Perhaps the most pernicious aspect of this assault on the poor is the not-so-subtle characterizing of needy Americans as “Other.” “They” are immigrants, living off the sweat of “real” Americans; “they” are lazy people of color. If “they” are female, they’re immoral sluts popping out babies in order to qualify for the public dole. It doesn’t matter that none of these characterizations are remotely factual; the dog-whistle references and dishonest descriptions find a willing audience among people who see themselves as part of an America that is rapidly losing cultural hegemony.

The “Other” is the shiny object that distracts attention from corporatist wheeling and dealing.

If current levels of material inequality are bad for America—and they are—this cynical effort to distract our attention by widening our social divisions is even worse.

The Words We Use…

Last night, I spoke to the student Economic Club at Ball State. Since numbers aren’t my thing, I focused on theory….Here (slightly condensed)are my remarks.

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Terms like conservative, liberal, socialist, progressive get used these days as accusations and insults rather than ways of defining a political or economic philosophy.

On today’s political spectrum, I consider myself liberal, but given the state of current discourse,  it might be worth explaining what I mean by that term—and why my kind of liberalism is compatible with genuine market capitalism, although not necessarily with what passes for capitalism in today’s America.

I am basically an 18th Century liberal, by which I mean a product of Enlightenment values like empirical inquiry, science, and the importance of facts—including facts I may find inconvenient.

It also means I place a high value on both individual autonomy and the common good. And that means I tend to analyze government’s activities through the hypothetical of Locke’s Social Contract.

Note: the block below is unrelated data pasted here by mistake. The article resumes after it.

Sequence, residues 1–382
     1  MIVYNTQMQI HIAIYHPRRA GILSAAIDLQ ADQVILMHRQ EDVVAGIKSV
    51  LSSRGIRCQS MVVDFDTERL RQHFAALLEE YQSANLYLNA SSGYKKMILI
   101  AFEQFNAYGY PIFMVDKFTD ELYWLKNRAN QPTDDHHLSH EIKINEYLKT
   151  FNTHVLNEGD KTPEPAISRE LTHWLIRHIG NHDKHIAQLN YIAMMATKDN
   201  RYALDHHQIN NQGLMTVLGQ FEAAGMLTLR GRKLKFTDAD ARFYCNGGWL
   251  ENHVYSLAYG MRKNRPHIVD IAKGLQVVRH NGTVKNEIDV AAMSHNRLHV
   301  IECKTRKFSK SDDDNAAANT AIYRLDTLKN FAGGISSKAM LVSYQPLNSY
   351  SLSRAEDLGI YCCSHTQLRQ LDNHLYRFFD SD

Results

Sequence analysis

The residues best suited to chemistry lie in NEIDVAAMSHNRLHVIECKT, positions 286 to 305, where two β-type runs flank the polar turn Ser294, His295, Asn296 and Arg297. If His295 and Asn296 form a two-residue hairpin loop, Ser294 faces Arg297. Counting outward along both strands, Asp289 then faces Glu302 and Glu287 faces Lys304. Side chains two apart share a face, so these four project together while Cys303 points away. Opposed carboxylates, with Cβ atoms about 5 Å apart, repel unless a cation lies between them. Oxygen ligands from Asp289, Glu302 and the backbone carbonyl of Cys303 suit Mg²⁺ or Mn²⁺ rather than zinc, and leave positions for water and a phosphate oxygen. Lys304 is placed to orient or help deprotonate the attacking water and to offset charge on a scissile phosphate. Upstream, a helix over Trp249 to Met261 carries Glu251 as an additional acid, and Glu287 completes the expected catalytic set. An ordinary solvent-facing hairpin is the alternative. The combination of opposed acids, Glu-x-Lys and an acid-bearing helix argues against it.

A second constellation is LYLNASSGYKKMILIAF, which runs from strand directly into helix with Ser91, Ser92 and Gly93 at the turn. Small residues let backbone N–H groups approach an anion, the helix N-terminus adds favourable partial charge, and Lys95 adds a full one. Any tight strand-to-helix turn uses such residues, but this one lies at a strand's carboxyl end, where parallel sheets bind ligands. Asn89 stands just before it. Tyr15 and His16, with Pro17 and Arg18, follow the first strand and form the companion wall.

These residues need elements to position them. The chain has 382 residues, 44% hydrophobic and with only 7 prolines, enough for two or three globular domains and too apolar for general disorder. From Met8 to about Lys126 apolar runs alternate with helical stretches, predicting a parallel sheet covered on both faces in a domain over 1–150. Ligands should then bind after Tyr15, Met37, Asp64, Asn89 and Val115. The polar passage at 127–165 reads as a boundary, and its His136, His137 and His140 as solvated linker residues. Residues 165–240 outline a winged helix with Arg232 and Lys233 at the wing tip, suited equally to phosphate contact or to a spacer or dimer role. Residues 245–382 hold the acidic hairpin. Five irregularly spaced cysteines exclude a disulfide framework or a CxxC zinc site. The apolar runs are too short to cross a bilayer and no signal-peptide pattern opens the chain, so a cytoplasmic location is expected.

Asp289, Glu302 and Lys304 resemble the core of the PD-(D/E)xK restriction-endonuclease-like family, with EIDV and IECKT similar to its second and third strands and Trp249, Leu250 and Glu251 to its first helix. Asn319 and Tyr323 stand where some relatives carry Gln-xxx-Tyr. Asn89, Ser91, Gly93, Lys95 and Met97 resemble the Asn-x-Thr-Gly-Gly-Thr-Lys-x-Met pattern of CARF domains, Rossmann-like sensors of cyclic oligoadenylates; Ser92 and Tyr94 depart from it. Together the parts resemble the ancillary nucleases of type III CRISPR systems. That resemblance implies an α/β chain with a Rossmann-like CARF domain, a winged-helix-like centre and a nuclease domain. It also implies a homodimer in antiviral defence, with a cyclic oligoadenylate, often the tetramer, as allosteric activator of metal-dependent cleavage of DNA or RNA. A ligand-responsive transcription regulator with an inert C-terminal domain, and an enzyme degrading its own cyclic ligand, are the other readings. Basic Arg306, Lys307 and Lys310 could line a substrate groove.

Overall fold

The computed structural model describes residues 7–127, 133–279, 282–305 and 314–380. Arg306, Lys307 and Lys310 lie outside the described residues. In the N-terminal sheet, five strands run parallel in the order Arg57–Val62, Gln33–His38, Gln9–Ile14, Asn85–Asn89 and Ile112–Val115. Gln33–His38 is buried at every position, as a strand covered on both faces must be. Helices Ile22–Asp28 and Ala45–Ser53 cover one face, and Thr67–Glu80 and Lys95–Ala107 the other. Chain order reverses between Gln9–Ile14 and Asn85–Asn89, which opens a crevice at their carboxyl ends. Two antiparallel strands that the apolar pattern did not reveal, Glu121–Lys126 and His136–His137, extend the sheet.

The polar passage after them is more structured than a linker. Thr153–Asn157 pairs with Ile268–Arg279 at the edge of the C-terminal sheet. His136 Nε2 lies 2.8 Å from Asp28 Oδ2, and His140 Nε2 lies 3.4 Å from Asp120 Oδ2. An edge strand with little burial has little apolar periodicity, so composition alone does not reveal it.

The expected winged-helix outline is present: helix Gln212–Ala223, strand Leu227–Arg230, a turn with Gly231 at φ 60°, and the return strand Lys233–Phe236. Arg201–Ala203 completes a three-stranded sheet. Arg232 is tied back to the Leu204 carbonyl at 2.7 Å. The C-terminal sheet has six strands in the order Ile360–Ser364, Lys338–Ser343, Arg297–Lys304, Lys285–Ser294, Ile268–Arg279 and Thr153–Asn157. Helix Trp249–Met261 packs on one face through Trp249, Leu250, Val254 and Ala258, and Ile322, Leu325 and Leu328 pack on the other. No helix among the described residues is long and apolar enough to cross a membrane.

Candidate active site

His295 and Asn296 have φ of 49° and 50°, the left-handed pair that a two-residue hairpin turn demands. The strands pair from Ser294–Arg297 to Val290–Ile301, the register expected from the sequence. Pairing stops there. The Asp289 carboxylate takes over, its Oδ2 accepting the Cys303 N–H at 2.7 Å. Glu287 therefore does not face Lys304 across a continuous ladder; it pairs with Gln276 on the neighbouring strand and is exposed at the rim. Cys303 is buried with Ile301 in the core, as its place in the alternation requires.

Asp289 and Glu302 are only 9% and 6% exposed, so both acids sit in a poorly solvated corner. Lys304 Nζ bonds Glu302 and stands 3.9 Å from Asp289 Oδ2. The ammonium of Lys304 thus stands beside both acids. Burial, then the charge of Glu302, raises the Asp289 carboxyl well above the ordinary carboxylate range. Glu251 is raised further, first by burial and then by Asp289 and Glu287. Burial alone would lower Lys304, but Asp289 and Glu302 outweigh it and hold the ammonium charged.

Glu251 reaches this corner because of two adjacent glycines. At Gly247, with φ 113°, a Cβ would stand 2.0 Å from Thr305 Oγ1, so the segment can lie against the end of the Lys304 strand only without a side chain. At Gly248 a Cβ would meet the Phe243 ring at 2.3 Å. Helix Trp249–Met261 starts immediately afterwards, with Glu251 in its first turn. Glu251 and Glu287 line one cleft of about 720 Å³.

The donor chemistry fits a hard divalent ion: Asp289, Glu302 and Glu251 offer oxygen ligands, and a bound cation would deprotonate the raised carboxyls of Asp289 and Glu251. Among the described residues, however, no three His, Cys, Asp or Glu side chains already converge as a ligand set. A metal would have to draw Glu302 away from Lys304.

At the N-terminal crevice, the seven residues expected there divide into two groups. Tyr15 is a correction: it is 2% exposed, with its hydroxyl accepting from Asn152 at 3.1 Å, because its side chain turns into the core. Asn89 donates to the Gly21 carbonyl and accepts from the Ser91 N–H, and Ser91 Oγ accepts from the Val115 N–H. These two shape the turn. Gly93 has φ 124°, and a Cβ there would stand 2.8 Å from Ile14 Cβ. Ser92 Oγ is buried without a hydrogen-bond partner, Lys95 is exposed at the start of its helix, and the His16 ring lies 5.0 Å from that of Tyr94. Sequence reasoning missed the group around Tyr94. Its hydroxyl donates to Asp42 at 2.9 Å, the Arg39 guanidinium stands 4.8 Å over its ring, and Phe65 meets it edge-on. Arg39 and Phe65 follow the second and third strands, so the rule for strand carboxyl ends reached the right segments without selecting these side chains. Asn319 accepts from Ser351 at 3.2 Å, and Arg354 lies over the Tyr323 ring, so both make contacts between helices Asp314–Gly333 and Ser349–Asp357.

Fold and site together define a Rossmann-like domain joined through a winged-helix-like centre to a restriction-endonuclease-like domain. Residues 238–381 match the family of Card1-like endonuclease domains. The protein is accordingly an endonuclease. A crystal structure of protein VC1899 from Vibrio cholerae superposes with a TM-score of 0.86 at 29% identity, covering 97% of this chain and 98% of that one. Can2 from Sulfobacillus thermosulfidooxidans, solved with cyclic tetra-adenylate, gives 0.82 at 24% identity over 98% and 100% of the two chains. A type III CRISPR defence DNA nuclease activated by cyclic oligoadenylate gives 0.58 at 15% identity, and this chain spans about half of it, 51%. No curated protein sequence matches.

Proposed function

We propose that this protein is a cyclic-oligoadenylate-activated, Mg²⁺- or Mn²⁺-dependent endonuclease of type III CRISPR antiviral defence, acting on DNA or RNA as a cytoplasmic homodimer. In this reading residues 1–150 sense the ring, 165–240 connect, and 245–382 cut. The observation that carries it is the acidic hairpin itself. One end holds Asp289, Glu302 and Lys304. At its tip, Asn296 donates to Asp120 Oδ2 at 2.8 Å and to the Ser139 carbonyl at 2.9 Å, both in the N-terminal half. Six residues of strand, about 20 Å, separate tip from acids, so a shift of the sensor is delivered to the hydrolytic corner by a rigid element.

The United States’ Constitution was crafted by men heavily influenced by Enlightenment ideas. Their belief in protecting a marketplace of ideas owed a debt to Adam Smith’s description of economic markets, a description supported by the experience of the colonists, many of whom were small merchants. Good ideas would win out over bad, in much the same way as that better mousetrap would win market share.

I believe market principles remain sound, but they have to be applied to “facts on the ground” that the Founders could never have anticipated.

There were around 4 million people scattered along the east coast when America won independence; there are now over 300 million. Technology, diversity, and globalization have changed the national landscape. Our job is to craft policies that protect the essential values of the Constitution and Bill Of Rights in new and very different environments. People of good will can disagree about how to do that –but I would argue that in order to disagree productively and civilly, we have to begin with a common basis in fact and history, and we have to agree on the definitions of the words we use.